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על כן לא יאכלו בני ישראל את גיד הנשה עד היום הזה

Therefore Bnei Yisrael are not to eat the Gid ha’nasheh, displaced sinew on the hip-socket,…to this day. (32:33)

When Eisav’s angel saw that he could not best Yaakov Avinu, he made one last attempt at maiming the Patriarch by striking his gid-hanashe. To commemorate this battle, Yaakov’s descendants are prohibited from consuming the nerves/sinew which are included under the rubric of gid ha’nashe. The commemoration of the miracle of Yaakov’s triumph in battle over the forces of evil seems counterproductive. Issur achilah, prohibition from eating, is a shev v’al taaseh, passive form of celebrating the miracle, the direct opposite of the manner in which we celebrate the many miracles which are part of our continued existence. Horav Moshe…

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ויאבק איש עמו עד עלות השחר

And a man wrestled with him until the break of dawn. (32:25)

It was in middle of the night that Yaakov Avinu encountered a “man” who fought with him until he was bested by the Patriarch. We know that this was no ordinary man – and no ordinary fight. This was none other than Eisav’s Heavenly angel, and the battle was one which represented the forces of evil against the forces of good. The angel representing Eisav lost the fight, but, throughout the millennia, he has not thrown in the towel, as he has attempted at every available juncture to turn the tide against Yaakov’s descendants. The question that confronts the reader…

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ותמנע היתה פילגש לאליפז בן עשו

And Timna was a concubine for Elifaz, the son of Eisav. (36:12)

Timna did not have an easy time carrying out her request to join the family of Avraham Avinu. Chazal teach that Timna, sister of Lotan, daughter of Seir, aluf of Eisav, king of the Chorim, was a princess who had it all – luxury, honor, material satisfaction. Yet, she rejected her pagan upbringing, choosing instead the G-d of Avraham. They (the descendants of Avraham) refused to accept her, due to her Canaanite lineage. The bloodlines are very important to us, and Canaan just was not a nation to which we wanted to attach ourselves. (They certainly saw negative traits in…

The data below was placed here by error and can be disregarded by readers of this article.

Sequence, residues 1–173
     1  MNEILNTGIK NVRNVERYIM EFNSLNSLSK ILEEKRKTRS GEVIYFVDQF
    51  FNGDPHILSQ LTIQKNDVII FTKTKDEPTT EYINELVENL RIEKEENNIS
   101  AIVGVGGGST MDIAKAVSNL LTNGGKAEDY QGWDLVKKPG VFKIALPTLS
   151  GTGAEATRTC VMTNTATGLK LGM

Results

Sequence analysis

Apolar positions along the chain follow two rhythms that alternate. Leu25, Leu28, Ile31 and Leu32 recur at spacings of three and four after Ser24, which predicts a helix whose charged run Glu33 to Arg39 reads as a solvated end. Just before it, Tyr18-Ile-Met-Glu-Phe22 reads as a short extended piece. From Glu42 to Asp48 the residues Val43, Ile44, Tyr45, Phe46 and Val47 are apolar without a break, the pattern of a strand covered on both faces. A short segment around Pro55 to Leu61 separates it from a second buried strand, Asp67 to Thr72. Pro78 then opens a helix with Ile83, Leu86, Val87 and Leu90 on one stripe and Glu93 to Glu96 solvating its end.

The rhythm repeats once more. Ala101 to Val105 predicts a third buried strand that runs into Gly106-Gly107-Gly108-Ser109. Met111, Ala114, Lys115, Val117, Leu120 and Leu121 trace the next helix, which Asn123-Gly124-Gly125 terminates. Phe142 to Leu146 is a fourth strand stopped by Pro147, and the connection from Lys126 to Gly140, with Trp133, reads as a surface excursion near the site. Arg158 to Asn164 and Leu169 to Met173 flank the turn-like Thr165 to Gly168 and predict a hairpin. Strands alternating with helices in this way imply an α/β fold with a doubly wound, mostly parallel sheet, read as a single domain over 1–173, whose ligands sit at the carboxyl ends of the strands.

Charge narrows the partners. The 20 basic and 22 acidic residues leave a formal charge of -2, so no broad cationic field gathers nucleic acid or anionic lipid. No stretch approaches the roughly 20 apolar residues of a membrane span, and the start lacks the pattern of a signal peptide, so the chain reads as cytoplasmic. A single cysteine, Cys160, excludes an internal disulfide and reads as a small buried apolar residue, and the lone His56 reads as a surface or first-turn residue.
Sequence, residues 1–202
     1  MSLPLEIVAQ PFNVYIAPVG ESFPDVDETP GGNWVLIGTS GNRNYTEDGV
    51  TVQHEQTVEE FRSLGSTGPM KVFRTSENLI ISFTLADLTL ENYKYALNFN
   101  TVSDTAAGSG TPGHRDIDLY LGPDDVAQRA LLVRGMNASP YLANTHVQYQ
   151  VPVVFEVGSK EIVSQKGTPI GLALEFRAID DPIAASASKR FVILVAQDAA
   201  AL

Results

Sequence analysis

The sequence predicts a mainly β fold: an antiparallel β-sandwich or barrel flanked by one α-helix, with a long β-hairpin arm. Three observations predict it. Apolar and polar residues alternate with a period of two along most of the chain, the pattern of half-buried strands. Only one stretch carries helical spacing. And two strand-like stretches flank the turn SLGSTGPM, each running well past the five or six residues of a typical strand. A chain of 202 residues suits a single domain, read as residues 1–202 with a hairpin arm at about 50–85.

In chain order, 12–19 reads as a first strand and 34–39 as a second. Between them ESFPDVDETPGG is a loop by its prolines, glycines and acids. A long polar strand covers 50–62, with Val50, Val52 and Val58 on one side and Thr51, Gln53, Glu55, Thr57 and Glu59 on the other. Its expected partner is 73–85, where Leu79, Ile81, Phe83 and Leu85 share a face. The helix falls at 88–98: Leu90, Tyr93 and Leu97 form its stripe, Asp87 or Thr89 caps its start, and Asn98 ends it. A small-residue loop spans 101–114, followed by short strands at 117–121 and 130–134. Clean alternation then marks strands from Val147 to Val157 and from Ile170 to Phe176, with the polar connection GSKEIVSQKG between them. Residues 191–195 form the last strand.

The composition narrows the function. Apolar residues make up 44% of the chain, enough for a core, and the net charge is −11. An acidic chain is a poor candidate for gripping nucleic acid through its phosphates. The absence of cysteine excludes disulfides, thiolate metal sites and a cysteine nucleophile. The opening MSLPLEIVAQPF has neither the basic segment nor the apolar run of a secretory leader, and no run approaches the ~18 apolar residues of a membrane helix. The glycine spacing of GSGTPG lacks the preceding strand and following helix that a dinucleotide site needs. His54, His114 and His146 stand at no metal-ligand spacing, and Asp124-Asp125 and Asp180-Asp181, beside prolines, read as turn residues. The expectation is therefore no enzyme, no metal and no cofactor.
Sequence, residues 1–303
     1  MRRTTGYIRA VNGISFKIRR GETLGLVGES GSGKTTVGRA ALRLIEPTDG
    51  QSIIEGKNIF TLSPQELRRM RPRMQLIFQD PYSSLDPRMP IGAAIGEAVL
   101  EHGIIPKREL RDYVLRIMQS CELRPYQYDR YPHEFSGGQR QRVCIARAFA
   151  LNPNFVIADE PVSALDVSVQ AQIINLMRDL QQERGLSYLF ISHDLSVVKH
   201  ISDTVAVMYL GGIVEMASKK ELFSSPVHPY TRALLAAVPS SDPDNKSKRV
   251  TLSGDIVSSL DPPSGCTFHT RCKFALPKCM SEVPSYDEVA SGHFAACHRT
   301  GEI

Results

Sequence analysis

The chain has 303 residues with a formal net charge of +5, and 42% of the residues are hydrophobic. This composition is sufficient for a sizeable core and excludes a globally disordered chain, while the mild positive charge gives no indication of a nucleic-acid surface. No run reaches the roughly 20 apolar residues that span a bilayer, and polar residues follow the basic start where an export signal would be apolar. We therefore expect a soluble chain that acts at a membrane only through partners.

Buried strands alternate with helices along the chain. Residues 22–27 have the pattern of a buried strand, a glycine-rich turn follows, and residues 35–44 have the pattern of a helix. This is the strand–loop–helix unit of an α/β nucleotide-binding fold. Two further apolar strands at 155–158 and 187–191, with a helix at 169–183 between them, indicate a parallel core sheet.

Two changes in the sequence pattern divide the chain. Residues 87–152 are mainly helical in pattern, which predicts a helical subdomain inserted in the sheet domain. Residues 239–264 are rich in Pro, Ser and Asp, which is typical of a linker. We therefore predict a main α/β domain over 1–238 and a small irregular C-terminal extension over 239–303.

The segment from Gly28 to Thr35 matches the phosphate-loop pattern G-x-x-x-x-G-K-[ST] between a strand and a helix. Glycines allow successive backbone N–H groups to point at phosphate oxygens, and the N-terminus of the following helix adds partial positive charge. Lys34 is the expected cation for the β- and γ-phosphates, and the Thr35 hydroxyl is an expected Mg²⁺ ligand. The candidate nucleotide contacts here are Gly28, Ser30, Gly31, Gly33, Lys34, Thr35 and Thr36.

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ויותר יעקב לבדו ויאבק איש עמו עד עלות השחר... ויגע בכף ירכו... והוא צלע על ירכו

Yaakov was left alone and a man fought with him until the break of dawn… and he struck Yaakov’s thigh… and Yaakov was limping. (32:25,26,32)

The encounter between Yaakov Avinu and the mysterious man is fraught with questions. First, how can the Torah say that our Patriarch was left alone? A Jew is never alone. Hashem Yisborach is always with us. Melo kol haaretz k’vodo, “The entire world is filled with His Glory.” Furthermore, Hashem promised Yaakov, V’Anochi eheyeh imach, “I will be with you.” Yaakov might have been distant from human encounter, but he certainly was not alone. Second, in the battle that ensued between Yaakov and the “ish”/angel of Eisav, why did the angel choose specifically to strike Yaakov’s ability to move, i.e….

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והיה המחנה הנשאר לפליטה

Then the remaining camp shall survive. (32:9)

Yaakov Avinu’s plan to save his family was based on a three-pronged preparation: battle, prayer, tribute. On the surface, these courses of action appear to be incongruent to one another, with aggression and servility sending contradictory messages. Obviously, prayer is first and foremost – and the only effective means of success. Without Divine intervention, we have no hope for success. Nonetheless, Yaakov took a practical approach to his encounter, knowing full-well that Eisav was angry and that he felt his anger was justified. Our Patriarch was, however, acutely aware that practical solutions succeed only when it is the will of…